My own memories of reggae in Boston definitely resonate with Rodigan's remarks about the relationship between demographics and culture. Sure, at a certain point I learned about Bob Marley and roots music, but my first exposure to reggae was via hip-hop. The first "reggae" song that I can remember listening to is the bizarre hybrid, "Roots, Rap, Reggae," featuring Yellowman, on Run D.M.C.'s King of Rock (1985). A few years later, I heard more reggae-tinged rap from Boogie Down Productions, Shinehead, Slick Rick, Special Ed, Leaders of the New School, the Fu-Schnickens, and other acts. Before long, dancehall reggae artists such as Super Cat, Shabba Ranks, and Chaka Demus & Pliers began reaching me through hip-hop vehicles such as Yo! MTV Raps and Rap City. High school dances at C.R.L.S. frequently featured the sounds of Jamaica, as the DJ--usually my old friend, K.C. Robinson--would segue at a certain point from the rap and R&B hits of the day to some real windin' and grindin' music. Mad Cobra's "Flex" was a favorite back in those days (for obvious reasons if you know the song). Incidentally, K.C. was one of the first DJs involved in the now longstanding Monday night session at the Phoenix Landing in Cambridge that mixes hip-hop and reggae (although these days, revealingly, the hip-hop portion has been shaved down to a mere 1/2 hour).

When I returned from a six-month stint in Jamaica a couple years ago, I felt as if reggae had followed me home. Although reggae continues to grow in popularity across the U.S., my perception was largely due, I think, to a greater sensitivity. Hearing reggae in the Boston soundscape is all about tuning your ears to its distinctive vibes: it's definitely out there—on the airwaves, in passing cars, in clubs, and sometimes on flatbed trucks. There are reggae events every night of the week in Boston. (Just check the calendar over at bostonreggae.com.) While the Phoenix Landing in Central Square hosts "Makka Mondays" with Satellite Sound, across the street at the Enormous Room (where DJ Brynmore and Burning Babylon just started a weekly dub session, "Heavy Dread," on Wednesdays), the eclectic duo of DJ C and DJ Flack mix dancehall and dub into hip-hop, drum'n'bass, and bhangra for their "Beat Research." Meanwhile, Dublin House in Dorchester offers "Sexy Tuesdays" with Cannon Movements, "Weddi Weddi Wednesdays" with Riddim Rider, and "BoomBlast Thursdays" with Junior Rodigan. Live acts, from Mang Dub to Toussaint to III Kings to Dub Station to Vibewise, fill clubs and pubs around town, and local selectors such as Jah Rich, DJ Advance, and Mad Skim throw occasional sessions and host semi-annual soundclashes at spots from the Western Front to Kay's Oasis in Dorchester. Every weekend there are special events of all kinds and all sizes, from dances to concerts, often drawing performers and soundsystems from New York to Jamaica and usually involving a fun dress code of sorts. Although many record collectors bemoan the physical closing of Beehive Culture, there's still Taurus Records and Junior Rodigan's Vibes Records for those seeking the latest and greatest tunes.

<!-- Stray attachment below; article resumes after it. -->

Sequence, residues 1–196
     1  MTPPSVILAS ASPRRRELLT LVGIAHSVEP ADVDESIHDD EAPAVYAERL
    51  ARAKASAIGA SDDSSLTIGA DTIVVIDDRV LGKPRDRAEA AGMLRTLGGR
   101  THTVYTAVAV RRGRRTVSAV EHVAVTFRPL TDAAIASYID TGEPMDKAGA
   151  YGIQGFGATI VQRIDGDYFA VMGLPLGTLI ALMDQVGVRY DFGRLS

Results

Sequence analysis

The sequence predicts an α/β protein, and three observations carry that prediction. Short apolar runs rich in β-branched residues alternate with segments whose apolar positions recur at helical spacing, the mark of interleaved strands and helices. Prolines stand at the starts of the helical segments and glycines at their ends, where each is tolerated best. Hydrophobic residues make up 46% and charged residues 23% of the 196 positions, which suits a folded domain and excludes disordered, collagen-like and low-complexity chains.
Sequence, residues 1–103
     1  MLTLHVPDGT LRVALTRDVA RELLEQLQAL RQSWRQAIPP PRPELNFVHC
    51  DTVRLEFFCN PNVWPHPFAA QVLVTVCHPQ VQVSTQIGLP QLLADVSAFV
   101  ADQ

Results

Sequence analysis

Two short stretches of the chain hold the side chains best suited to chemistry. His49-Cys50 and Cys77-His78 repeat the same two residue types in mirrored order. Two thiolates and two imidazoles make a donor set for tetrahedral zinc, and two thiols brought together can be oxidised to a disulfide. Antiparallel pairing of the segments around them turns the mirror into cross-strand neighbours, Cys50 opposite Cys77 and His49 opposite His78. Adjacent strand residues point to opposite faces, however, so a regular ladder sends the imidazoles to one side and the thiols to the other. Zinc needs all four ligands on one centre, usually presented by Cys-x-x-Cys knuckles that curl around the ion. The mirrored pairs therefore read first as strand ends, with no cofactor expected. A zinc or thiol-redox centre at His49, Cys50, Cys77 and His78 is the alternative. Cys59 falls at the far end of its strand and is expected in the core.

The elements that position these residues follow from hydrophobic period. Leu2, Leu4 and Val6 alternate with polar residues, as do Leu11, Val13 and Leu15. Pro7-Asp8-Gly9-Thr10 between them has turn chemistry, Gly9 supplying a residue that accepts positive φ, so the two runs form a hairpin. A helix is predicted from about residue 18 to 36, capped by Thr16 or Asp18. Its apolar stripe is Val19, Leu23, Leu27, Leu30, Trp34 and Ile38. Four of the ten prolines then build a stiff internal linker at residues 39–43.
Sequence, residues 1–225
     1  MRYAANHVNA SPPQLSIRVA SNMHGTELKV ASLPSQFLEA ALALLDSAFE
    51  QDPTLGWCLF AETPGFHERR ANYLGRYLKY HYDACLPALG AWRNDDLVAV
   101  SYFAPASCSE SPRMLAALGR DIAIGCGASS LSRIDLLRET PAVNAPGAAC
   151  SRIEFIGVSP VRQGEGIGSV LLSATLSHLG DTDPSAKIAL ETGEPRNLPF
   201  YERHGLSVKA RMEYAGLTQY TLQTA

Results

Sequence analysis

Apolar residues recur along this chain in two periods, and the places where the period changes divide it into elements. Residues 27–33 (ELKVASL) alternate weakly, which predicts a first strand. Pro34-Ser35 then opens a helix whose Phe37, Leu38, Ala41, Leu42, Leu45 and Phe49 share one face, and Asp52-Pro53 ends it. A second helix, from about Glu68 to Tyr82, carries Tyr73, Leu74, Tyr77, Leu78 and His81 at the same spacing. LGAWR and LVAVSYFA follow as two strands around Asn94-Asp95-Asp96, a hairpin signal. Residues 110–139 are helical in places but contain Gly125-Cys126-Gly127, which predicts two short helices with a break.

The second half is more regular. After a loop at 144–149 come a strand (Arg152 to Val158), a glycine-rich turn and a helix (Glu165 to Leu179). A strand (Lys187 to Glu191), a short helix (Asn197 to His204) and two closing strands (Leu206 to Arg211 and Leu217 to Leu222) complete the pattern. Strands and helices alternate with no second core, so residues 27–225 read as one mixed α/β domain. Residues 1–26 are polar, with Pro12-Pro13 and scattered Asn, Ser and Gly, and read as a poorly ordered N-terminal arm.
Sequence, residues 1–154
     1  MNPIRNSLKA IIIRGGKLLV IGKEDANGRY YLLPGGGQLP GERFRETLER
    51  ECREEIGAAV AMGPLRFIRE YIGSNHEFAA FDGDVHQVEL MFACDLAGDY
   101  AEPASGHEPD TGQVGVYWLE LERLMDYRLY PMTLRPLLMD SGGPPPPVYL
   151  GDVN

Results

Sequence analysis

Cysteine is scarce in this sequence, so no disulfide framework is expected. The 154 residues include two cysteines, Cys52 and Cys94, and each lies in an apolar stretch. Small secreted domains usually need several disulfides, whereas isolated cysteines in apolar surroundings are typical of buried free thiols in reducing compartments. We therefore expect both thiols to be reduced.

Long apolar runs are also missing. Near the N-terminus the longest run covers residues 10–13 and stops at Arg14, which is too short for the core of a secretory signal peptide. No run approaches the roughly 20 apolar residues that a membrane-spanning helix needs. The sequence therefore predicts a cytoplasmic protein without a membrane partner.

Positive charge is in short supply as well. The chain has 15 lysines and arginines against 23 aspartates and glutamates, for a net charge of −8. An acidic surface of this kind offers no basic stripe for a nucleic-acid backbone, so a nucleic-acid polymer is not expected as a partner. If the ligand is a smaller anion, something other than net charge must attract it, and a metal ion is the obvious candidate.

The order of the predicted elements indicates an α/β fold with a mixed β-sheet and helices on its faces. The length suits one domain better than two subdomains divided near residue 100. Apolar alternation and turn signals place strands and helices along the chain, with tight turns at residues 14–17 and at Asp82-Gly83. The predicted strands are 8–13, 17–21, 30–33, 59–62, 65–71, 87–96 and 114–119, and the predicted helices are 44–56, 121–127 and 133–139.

Being both far from "home" and yet among neighbors, Boston's Caribbean community has cultivated and celebrated a pan-Caribbean identity. Given shape in music, dance, and other cultural forms, Boston's "island heritage" resonates across the city's soundscape. That we can all partake in such a rich diaspora of sounds is a privilege no Bostonian should forsake.

Wayne Marshall is a writer, teacher, and performer living in Cambridge. He would like to big up “dancehall lover” and “sexcd” @ bostonreggae.com, and give special thanks to Junior Rodigan, for supplementing his hazy recollections with those of some local veterans.


we jammin'

if you're in or around boston (well, actually, somerville) today--that's saturday, july 30--you should come through union square sometime between 4-8, where we'll be celebrating 30 years+ of hip-hop history with music, dance, graf, and good times.

here's the deets:
SAT, JULY 30, 4-8 PM. Free outdoor HIP HOP HISTORY JAM in Union Sq., Somerville, MA.

Lyrical and Brick Casey

WAYNE&WAX - Jamaican Roots
DJ YAMIN (Beats not Bombs) - Funk & Soul
DJ DEF ROCK (Monstamind/Megabug) - Birth of Hip Hop
DJ DRAMA (Elemental Compounds) - Old/Middleschool
DJ FLACK(Mashit/Beat Research) - Golden Age
DJ C (Mashit/Beat Research) -Back to the Future

LOSST UNNOWN and members of the FLOOR LORDS


The youth/activist collective CRITICAL BREAKDOWN and the MASSIVE RECORDS family will be there too. The INDEPENDENT (local bar) will be showing WILD STYLE and STYLE WARS all afternoon!

For more INFO:

yeah, so check the link above for directions, etc. i'm going to be representing hip-hop's "jamaican roots" from 4:00pm-4:40 by playing what i imagine herc would have played at those early parties in the bronx if folks weren't, as jeff chang excavates, "throwing jamaicans in garbage cans" (CSWS p.72) back then.